The next morning, my coffee was interrupted by Sergeant Eniver. He cruised into my office like a Dominix on afterburner: not quickly, but with a certain sense of implacability.
That wasn't where his similarity to a Dominix ended. Eniver was on the short side, but built big, with a face I'm not sure even a mother could love. Maybe he had more hair when he was younger, but these days the scattered survivors clung to the edges of his head; cut to short, gray bristles. Theoretically there was a neck to be found between his wide jaw and wide shoulders, but evidence was scant.
The Sergeant was also that rarest of creatures: a semi-competent, mostly honest cop. Easy to spot, because after 25 years on the force, he was still only a sergeant, and that's as high as he would ever go.
His eyes glittered, suspicious, "Wanna tell me where you were between 1000 and 1100 yesterday, Tarva?"
"In a hangar, one of the podder ones. There're visitor logs and witnesses, if you can get the podder to cough them up. Kaitane Ihonoka."
He chewed on that for a minute, "Client? And can you explain why you were in the compartment of one Henri Gellique?"
I faced away from him, pouring him a coffee, so he couldn't see my face as I answered, "Confidential, and I'm afraid I don't know anyone by that name." Never got the chance to know him, after all. I could tell Eniver didn't believe me, but you never admit anything. He was fishing. If he actually had evidence I was in that apartment, I'd have been in cuffs already.
"So it's just coincidence that we can place you near the scene on the day of the murder, and you're working for his employer?"
I tried on a surprised expression as I set a paper cup of coffee in front of him, "Murder? What happened?"
"He was killed, heart removed. You're tangled up in this, and the sooner you help me, the better I can help you." I wished he could help, as I sipped my coffee and he went on, "You remember anything, you give me a buzz. And don't be trying to leave the station, Tarva. I might want to chat more."
He drained his coffee and stumped out. I hoped he wouldn't be a problem. Worst came to worst, I could get his superiors to divert him somewhere else, Kaita could afford it. I would feel real bad about it though. Eniver was an alright guy, in his way.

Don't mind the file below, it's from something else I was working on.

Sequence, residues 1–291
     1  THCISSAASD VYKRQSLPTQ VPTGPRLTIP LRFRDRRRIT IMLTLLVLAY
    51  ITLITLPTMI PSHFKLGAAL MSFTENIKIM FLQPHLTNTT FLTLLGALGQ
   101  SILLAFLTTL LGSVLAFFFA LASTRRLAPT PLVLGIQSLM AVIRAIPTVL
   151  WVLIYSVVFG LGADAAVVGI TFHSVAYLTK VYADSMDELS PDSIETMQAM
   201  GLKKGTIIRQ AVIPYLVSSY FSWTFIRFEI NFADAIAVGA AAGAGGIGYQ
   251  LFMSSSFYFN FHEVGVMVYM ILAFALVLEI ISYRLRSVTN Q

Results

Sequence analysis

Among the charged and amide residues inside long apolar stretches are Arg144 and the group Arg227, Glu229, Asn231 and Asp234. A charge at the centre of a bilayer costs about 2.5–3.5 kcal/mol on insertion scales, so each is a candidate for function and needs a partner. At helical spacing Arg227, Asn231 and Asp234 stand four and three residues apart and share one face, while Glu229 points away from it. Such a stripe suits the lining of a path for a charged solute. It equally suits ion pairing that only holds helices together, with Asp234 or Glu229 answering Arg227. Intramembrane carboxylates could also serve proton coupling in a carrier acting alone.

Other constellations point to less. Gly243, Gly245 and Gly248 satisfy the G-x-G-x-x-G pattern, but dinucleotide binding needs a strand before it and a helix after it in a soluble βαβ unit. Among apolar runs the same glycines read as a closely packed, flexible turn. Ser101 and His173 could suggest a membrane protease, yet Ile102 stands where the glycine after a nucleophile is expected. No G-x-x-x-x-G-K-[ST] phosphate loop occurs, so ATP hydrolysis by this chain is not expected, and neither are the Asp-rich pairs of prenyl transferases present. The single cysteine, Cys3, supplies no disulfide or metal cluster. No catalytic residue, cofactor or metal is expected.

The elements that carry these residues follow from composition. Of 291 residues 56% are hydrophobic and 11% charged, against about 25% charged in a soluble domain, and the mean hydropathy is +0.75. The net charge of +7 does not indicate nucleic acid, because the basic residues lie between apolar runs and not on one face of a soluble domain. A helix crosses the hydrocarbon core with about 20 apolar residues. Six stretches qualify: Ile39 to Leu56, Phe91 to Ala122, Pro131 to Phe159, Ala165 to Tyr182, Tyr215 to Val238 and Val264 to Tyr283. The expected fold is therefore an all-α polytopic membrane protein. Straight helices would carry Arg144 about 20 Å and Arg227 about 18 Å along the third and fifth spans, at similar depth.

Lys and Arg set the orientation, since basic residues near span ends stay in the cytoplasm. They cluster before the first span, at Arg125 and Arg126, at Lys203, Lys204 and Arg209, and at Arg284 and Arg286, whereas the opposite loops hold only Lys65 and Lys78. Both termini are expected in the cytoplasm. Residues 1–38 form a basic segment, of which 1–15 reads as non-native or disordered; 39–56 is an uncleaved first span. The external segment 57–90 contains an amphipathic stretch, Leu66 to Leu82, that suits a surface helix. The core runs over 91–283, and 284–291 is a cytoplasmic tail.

I finished my coffee and caught up on message traffic: Bills, bills, a reminder about my rent, and mail from Auvy: No reports of large groups of cultists running around the station, according to her sources. About what I expected, but confirmation didn't hurt. Pieces of this case just didn't quite match up. Blooders, at least our blooders, weren't usually sloppy. Hell, no evidence they had been sloppy, except that half-assed attack on me. I felt like I was walking near a badly calibrated grav generator: off balance and annoyed. Well, something would come loose. It always did if you grabbed it by the collar and shook it long enough.
First stop was Kaita's hangar. It was that or find some blooders to hassle, and I wasn't ready to be an altar-jockey in a real short, real high stakes race just yet.
A couple hours later I had found out the following: Henri Gellique was a nice, average guy. Kept to himself, decent to have a couple rounds with after the shift, supported a sick mother back in the Fed. Couldn't seem to find anyone close to him though. Too average, like a ghost, hollow even before someone cored him like an apple. Did he belong to someone, maybe? One of Kaita's rivals or one of the criminal organizations? I made a note to have Auvy look into the financial records for me, see if there really was a mother in the Fed, or anything else and headed out of the hangar.
I nearly ran into my podder employer as I was leaving. She had traded a form fitting flight suit for a only slightly less form fitting mechanics jumpsuit, which was unzipped just to there. The artful smudge of grease on her cheek completed the picture, but I noticed the hangar staff nearby were still wary of her. So, a show for my benefit. Podders who got their hands dirty - out of the pod - remained a myth in my experience. I was touched that she cared what I thought of her. I think I might have ruined it with my first question, "Kaita. I was hoping to run into you. So, who's in the box?"
Her welcoming smile went cold as winter on Caldari Prime, "That isn't important. Just find it. I trust you are making progress Mr. Tarva? I'm afraid that corporate business will be taking me away from the station indefinitely soon, I can't delay over this."
I managed to keep the surprise off my face, "You're leaving? The hangar staff know that?"
She looked confused as to why I would even ask, anger disappearing as quickly as it had arrived, "My crew, of course, and the local hires... I would assume so. They would have been notified their last pay was coming. Does it matter?"
"I don't know. Maybe. Thanks for the chat. I'll let you know once some leads I've got firm up." There was something about Kaita that made me nervous, and not in a good-looking piece of work way. Well, not entirely. I made a dash for the exit before she could take back the initiative.
I finished up sending Auvy the new info I'd gotten, to see if she could make anything of it, right as I got back to my office.
I stepped through my door, something hit me in the back of the head, and I went out like someone flipped a switch.
When I woke up, my head felt like someone was having a neo-tribal concert in it, I was hanging upside-down, and a face dark with Rak'esme was floating in front of me. Smiling.